Wash the white clothes on Monday and put them on the stone heap; wash the color clothes on Tuesday and put them on the clothesline to dry; don’t walk bare-head in the hot sun; cook pumpkin fritters in very hot sweet oil; soak your little cloths right after you take them off; when buying cotton to make yourself a nice blouse, be sure that it doesn’t have gum in it, because that way it won’t hold up well after a wash; soak salt fish overnight before you cook it; is it true that you sing benna in Sunday school?; always eat your food in such a way that it won’t turn someone else’s stomach; on Sundays try to walk like a lady and not like the slut you are so bent on becoming; don’t sing benna in Sunday school; you mustn’t speak to wharf-rat boys, not even to give directions; don’t eat fruits on the street—flies will follow you; but I don’t sing benna on Sundays at all and never in Sunday school; this is how to sew on a button; this is how to make a buttonhole for the button you have just sewed on; this is how to hem a dress when you see the hem coming down and so to prevent yourself from looking like the slut I know you are so bent on becoming; this is how you iron your father’s khaki shirt so that it doesn’t have a crease; this is how you iron your father’s khaki pants so that they don’t have a crease; this is how you grow okra—far from the house, because okra tree harbors red ants; when you are growing dasheen, make sure it gets plenty of water or else it makes your throat itch when you are eating it; this is how you sweep a corner; this is how you sweep a whole house; this is how you sweep a yard; this is how you smile to someone you don’t like too much; this is how you smile to someone you don’t like at all; this is how you smile to someone you like completely; this is how you set a table for tea; this is how you set a table for dinner; this is how you set a table for dinner with an important guest; this is how you set a table for lunch; this is how you set a table for breakfast; this is how to behave in the presence of men who don’t know you very well, and this way they won’t recognize immediately the slut I have warned you against becoming; be sure to wash every day, even if it is with your own spit; don’t squat down to play marbles—you are not a boy, you know; don’t pick people’s flowers—you might catch something; don’t throw stones at blackbirds, because it might not be a blackbird at all; this is how to make a bread pudding; this is how to make doukona; this is how to make pepper pot; this is how to make a good medicine for a cold; this is how to make a good medicine to throw away a child before it even becomes a child; this is how to catch a fish; this is how to throw back a fish you don’t like, and that way something bad won’t fall on you; this is how to bully a man; this is how a man bullies you; this is how to love a man, and if this doesn’t work there are other ways, and if they don’t work don’t feel too bad about giving up; this is how to spit up in the air if you feel like it, and this is how to move quick so that it doesn’t fall on you; this is how to make ends meet; always squeeze bread to make sure it’s fresh; but what if the baker won’t let me feel the bread?; you mean to say that after all you are really going to be the kind of woman who the baker won’t let near the bread?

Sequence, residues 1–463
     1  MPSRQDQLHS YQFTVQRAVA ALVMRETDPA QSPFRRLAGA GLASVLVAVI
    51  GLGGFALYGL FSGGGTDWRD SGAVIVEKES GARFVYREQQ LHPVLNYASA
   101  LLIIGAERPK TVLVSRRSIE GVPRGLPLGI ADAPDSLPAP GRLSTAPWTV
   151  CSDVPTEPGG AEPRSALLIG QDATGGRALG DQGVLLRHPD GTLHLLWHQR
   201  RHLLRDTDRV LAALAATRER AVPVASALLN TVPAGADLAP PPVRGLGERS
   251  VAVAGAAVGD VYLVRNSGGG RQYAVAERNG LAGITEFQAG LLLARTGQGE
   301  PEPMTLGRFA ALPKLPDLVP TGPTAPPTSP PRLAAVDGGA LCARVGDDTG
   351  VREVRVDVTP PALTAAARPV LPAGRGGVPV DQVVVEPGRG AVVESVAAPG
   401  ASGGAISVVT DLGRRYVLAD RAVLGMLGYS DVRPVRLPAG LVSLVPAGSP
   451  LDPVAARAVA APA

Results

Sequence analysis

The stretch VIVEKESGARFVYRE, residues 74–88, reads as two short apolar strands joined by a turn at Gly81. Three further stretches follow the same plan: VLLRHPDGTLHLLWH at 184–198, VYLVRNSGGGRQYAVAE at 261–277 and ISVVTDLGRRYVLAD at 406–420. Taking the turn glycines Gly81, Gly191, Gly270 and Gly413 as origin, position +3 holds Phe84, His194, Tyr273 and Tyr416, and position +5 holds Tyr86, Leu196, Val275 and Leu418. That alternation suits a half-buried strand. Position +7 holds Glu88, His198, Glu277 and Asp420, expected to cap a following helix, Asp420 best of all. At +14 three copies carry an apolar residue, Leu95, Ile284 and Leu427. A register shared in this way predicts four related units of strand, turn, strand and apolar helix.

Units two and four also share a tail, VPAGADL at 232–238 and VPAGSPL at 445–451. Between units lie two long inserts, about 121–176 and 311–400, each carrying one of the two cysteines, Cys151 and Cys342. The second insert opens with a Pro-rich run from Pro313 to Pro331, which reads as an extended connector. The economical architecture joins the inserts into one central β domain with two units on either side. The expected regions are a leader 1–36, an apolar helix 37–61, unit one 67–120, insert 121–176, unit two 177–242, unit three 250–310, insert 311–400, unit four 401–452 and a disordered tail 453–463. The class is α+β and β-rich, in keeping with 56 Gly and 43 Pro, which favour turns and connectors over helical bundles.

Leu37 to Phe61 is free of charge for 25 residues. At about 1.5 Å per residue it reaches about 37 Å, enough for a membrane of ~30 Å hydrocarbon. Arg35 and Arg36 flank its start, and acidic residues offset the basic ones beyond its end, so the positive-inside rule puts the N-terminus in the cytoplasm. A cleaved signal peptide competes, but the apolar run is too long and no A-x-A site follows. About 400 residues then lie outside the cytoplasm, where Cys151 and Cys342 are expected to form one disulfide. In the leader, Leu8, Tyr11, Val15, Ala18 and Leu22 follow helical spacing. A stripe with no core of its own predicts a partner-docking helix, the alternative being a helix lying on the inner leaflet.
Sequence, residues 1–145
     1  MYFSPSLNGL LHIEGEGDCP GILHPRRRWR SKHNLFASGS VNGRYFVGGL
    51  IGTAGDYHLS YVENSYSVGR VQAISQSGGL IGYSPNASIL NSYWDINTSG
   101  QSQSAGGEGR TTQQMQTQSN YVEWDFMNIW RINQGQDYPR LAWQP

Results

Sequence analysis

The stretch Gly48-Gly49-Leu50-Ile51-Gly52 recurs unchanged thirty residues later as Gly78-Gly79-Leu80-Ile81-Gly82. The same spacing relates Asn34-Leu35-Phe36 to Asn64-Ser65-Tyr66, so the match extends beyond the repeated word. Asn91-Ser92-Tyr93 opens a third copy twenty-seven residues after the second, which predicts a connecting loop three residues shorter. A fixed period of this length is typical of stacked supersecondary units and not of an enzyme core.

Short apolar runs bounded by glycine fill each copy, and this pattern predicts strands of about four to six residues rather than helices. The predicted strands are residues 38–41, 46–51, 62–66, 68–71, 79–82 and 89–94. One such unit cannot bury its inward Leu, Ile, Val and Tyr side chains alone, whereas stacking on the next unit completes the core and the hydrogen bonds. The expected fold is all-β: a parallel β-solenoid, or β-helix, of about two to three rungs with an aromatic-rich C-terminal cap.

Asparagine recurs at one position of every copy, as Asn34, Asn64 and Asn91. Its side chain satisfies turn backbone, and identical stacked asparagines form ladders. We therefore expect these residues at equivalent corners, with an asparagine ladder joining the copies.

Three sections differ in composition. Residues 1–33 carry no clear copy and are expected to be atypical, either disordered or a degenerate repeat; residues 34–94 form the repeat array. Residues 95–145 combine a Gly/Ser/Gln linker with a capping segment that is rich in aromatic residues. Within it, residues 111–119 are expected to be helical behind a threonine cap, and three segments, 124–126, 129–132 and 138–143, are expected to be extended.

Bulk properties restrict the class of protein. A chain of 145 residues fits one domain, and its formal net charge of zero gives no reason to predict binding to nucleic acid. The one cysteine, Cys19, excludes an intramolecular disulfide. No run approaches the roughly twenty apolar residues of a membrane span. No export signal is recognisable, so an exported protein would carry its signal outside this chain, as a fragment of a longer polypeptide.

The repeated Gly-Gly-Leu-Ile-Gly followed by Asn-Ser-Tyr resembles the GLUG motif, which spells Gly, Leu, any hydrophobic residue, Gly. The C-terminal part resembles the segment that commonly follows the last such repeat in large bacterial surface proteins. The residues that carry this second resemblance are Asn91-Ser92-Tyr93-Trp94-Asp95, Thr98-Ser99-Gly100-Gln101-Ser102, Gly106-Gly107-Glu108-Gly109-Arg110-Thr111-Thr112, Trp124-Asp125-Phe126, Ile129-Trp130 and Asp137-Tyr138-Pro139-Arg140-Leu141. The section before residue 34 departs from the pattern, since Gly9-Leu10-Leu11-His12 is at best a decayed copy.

The next series of examples of short stories are more conventional. They are longer and distinctively employ the elements of a short story. As you will see, stories are everywhere, and short stories can be about anything. Your writing spirit could be inspired by reality or by completely imaginary things. What matters most is what you reveal about your topic or theme, how you construct your story, and how you keep your readers interested in your narrative. This short story example makes use of a child’s perspective to tell the story of a war veteran.
It had been a month since my bear of a big brother Frank came home after his last tour of duty. I always enjoyed it when he came home. Since he did not have a girlfriend and never had to worry about sharing money even if he was an adult, he always treated me to our favorite ice cream place whenever he was home. He still lived with us. He had one wing of the house, I had the other, and Dad had the middle one. Dad didn’t quite believe in us having to move out upon reaching 18 or 21, whatever the legal age was, as he always said. He always reminded us that he had worked hard his whole life to build a home large enough for his two children to live in even if we both had gotten married and have our own families.
Anyway, I hadn’t had the time to ask Frank out to the ice cream place because I had just started fourth grade and had been enjoying the company of my new biking friends. So whenever I got home, he would always look at me and with a knowing grin, ask me if I wanted ice cream or play video games. Up until this point I had always said no because I had been practicing to jump my brand new navy blue mountain bike with my new buddies. He won this time but I asked if we could have some fried chicken and burgers first and just have ice cream as dessert. An amused but baffled look came on his face and asked if Dad had been forgetting to give me money. I told him no, but that I had been having a hard time saving for that cool blue helmet just ten bucks away from my hands.
Whenever I bugged him about how his last tour went, he would always tell me that I was too young to understand but he would tell me anyway. I questioned him why he thought I was too young to understand war when I lorded over the competition on Call of Duty. In fact, I made the Nazis eat my dust. He answered that it was okay, that it was smooth. He added that despite the continuous rain of bombs miles away from their camp, neither he nor his team had had to use their M-16s because they hadn’t had to fight any enemies up close. While they hadn’t had to fire at the enemy, it was only the memory of the sound of mortars, bombs, grenades, gunfire that still gave him nightmares.